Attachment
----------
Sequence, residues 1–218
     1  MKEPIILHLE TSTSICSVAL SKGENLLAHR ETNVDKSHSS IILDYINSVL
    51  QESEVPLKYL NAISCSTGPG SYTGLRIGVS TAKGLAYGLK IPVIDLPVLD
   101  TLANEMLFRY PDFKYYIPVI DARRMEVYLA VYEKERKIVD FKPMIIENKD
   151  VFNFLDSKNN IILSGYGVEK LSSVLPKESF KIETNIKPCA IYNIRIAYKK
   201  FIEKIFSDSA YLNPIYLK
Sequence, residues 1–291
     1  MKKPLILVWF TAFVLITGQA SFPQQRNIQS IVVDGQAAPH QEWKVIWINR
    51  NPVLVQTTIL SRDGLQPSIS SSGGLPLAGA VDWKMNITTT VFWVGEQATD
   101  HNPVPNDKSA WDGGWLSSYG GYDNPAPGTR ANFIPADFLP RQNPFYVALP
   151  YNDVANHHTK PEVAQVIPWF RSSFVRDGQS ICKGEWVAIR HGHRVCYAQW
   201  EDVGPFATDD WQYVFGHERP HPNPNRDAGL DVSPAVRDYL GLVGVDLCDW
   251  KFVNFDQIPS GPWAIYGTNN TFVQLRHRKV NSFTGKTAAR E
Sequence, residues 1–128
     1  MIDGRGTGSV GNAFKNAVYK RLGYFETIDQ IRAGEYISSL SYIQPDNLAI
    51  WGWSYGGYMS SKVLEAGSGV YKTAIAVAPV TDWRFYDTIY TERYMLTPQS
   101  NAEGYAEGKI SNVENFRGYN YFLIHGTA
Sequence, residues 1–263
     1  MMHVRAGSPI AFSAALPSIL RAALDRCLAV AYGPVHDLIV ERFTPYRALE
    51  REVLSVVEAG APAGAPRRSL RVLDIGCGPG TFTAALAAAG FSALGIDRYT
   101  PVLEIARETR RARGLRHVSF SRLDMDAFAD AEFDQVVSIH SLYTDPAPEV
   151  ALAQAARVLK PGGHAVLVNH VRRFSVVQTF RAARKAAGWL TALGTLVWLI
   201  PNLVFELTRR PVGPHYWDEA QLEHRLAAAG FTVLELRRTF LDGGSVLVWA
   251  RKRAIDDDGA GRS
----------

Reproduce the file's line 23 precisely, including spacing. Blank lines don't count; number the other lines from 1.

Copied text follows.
   201  PNLVFELTRR PVGPHYWDEA QLEHRLAAAG FTVLELRRTF LDGGSVLVWA